# Drawing Mandelbrot Fractals With HTML5 Canvas And JavaScript

In this tutorial we will be creating a demo application that draws Mandelbrot fractals on an HTML5 Canvas using JavaScript. For every pixel on the screen, we need to calculate the color based on the fractal properties. We will need to draw individual pixels to the Canvas. My tutorial Drawing Pixels With HTML5 Canvas And JavaScript explains how to draw pixels on a Canvas, instead of drawing regular primitives likes squares and circles. We implement an interactive demo that draws the Mandelbrot fractal and allows the user to pan and zoom around the screen. Drawing Mandelbrot Fractals With HTML5 Canvas And JavaScript

## How To Draw The Fractal

For every pixel on the screen, we need to make repeated calculations, also called iterations, to determine if the value belongs to the Mandelbrot set or not. Based on how many iterations are needed, we can define a color. Some calculations might take an infinite amount of time to finish, so we must limit the number of iterations that are allowed per pixel. Lets call this limit maxiterations. If we allow a higher number of iterations, our images will have more detail, but the time it takes to calculate the image will be higher as well. In any case, we will have to make a trade-off.

Here is the first part of a method to draw the Mandelbrot fractal on a canvas. We get the canvas and create an ImageData object, as explained in my tutorial Drawing Pixels With HTML5 Canvas And JavaScript. This allows us to draw pixels on the canvas. For every pixel in our canvas, we apply an iterate function and we define a maxiterations parameter. The iterate function calculates and draws an appropriate color to the ImageData object, which will be drawn to the canvas at a later time.

```1 2 3 4 5 6 7 8 9 10 11 12 13 14 15 16 17 18 19 20 21 22 23 24 25 // Get the canvas and context var canvas = document.getElementById("viewport"); var context = canvas.getContext("2d");   // Width and height of the image var imagew = canvas.width; var imageh = canvas.height;   // Image Data (RGBA) var imagedata = context.createImageData(imagew, imageh);   // The maximum number of iterations per pixel var maxiterations = 250;   // (...)   // Generate the fractal image function generateImage() { // Iterate over the pixels for (var y=0; y<imageh; y++) { for (var x=0; x<imagew; x++) { iterate(x, y, maxiterations); } } }```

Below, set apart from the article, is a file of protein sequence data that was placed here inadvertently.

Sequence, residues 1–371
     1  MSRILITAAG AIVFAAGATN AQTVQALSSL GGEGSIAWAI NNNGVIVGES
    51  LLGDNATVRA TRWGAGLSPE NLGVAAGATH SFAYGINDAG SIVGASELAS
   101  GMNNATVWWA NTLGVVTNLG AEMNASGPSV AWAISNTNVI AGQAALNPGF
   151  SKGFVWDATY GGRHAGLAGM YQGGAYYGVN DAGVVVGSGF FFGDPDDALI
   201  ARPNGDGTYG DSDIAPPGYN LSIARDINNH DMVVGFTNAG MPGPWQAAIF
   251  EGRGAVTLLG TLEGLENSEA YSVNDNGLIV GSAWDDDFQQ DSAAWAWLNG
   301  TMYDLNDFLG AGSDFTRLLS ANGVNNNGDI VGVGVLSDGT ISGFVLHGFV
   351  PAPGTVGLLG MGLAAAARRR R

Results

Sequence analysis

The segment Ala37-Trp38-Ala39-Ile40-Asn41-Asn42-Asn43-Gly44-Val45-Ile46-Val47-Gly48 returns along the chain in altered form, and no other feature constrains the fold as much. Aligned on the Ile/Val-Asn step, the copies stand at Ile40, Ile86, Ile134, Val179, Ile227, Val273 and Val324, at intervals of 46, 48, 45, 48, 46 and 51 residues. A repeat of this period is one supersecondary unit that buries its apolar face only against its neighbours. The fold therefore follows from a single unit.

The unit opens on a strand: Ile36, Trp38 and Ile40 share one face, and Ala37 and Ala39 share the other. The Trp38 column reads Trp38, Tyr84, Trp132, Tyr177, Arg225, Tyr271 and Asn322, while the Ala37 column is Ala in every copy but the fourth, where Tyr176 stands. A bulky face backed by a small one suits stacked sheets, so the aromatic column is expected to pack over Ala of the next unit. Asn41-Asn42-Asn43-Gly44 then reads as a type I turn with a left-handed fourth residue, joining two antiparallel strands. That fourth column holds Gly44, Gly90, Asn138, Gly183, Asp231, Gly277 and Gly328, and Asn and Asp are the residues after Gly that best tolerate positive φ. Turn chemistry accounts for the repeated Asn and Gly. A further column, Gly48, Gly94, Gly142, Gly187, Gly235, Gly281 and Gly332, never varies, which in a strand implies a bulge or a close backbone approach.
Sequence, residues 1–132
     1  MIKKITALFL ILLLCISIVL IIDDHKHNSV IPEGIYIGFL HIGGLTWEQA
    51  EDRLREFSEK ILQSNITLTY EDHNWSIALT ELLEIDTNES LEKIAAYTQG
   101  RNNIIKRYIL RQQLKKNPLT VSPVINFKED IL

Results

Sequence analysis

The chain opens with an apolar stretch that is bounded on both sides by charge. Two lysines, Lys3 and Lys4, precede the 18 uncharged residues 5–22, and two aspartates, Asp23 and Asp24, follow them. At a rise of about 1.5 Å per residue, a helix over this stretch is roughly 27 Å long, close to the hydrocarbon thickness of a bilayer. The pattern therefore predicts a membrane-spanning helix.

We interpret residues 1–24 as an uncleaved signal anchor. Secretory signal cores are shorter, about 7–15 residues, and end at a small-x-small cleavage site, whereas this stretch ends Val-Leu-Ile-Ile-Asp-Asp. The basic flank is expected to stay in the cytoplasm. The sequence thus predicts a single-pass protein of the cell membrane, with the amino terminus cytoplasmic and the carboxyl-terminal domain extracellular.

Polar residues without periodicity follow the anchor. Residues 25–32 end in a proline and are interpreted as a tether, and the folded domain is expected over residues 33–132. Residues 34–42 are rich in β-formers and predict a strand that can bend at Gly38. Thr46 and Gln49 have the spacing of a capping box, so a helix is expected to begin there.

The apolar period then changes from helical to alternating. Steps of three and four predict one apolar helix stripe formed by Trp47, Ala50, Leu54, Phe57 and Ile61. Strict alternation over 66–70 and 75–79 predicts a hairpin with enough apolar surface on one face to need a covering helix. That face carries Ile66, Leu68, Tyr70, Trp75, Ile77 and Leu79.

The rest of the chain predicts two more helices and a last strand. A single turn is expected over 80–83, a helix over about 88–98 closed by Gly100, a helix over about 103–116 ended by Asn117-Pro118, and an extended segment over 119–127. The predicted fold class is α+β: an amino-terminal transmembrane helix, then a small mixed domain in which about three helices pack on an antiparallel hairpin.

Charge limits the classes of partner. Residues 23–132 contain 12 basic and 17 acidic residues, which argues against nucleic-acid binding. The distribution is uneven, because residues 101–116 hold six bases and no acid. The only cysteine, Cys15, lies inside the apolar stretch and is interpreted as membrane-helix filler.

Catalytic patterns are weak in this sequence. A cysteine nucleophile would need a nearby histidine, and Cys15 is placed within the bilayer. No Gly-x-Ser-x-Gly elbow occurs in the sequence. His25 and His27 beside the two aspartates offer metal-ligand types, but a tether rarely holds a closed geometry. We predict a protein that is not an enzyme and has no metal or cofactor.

The iterate function implements the Escape time algorithm to draw the fractal. It iterates until maxiterations is reached or until a certain escape-condition is met. The result of this process gives us the number of iterations that were reached. This number is an integer value between 0 and maxiterations. If the number of iterations is equal to maxiterations, we draw a black pixel. If the number of iterations is smaller than maxiterations, we draw a color from a specified palette. The color doesn’t follow from the Mandelbrot set itself, it is determined by the creator of the palette. A more faithful representation of the fractal would be a grayscale image, but a colorful image is nicer to look at.

Here is the iterate function. The number of iterations is calculated for the specified pixel. The number is converted to a color value from a pre-generated palette. Finally, the color value of the pixel is copied into the pixel array of the ImageData object. Generating the palette array is explained in the next chapter.

```1 2 3 4 5 6 7 8 9 10 11 12 13 14 15 16 17 18 19 20 21 22 23 24 25 26 27 28 29 30 31 32 33 34 35 36 37 38 39 40 41 42 43 44 45 46 47 48 49 // Pan and zoom parameters var offsetx = -imagew/2; var offsety = -imageh/2; var panx = -100; var pany = 0; var zoom = 150;   // (..)   // Calculate the color of a specific pixel function iterate(x, y, maxiterations) { // Convert the screen coordinate to a fractal coordinate var x0 = (x + offsetx + panx) / zoom; var y0 = (y + offsety + pany) / zoom;   // Iteration variables var a = 0; var b = 0; var rx = 0; var ry = 0;   // Iterate var iterations = 0; while (iterations < maxiterations && (rx * rx + ry * ry <= 4)) { rx = a * a - b * b + x0; ry = 2 * a * b + y0;   // Next iteration a = rx; b = ry; iterations++; }   // Get palette color based on the number of iterations var color; if (iterations == maxiterations) { color = { r:0, g:0, b:0}; // Black } else { var index = Math.floor((iterations / (maxiterations-1)) * 255); color = palette[index]; }   // Apply the color var pixelindex = (y * imagew + x) * 4; imagedata.data[pixelindex] = color.r; imagedata.data[pixelindex+1] = color.g; imagedata.data[pixelindex+2] = color.b; imagedata.data[pixelindex+3] = 255; }```

## Generating A Palette

We are going to generate a palette that is used in the iterate function above. The palette we are generating is an array of 256 colors. I have decided to make a palette with red and yellow colors, but you can choose any colors you want. We start with a darker red color and increase the color values to create a gradient. Below you can see an image of the palette.

Here is the code to generate the palette.

```1 2 3 4 5 6 7 8 9 10 11 12 13 14 15 16 17 18 19 20 21 22 23 // Palette array of 256 colors var palette = [];   // (...)   // Generate palette function generatePalette() { // Calculate a gradient var roffset = 24; var goffset = 16; var boffset = 0; for (var i=0; i<256; i++) { palette[i] = { r:roffset, g:goffset, b:boffset};   if (i < 64) { roffset += 3; } else if (i<128) { goffset += 3; } else if (i<192) { boffset += 3; } } }```

## Mandelbrot Fractal Example

Zoom the fractal by clicking on a part of the fractal. Holding Control while zooming will use the zoom-out function. Holding Shift while zooming will use the pan function.
The full source code is available on GitHub.